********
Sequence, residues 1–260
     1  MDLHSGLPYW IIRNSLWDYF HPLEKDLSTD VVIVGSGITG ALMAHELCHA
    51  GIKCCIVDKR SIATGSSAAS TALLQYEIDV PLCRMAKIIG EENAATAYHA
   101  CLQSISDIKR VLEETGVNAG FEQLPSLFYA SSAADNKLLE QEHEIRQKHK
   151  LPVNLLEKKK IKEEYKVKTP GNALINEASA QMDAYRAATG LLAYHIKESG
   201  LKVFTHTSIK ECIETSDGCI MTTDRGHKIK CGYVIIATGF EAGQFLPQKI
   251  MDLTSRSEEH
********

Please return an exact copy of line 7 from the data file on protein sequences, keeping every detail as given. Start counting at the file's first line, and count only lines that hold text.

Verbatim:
   251  MDLTSRSEEH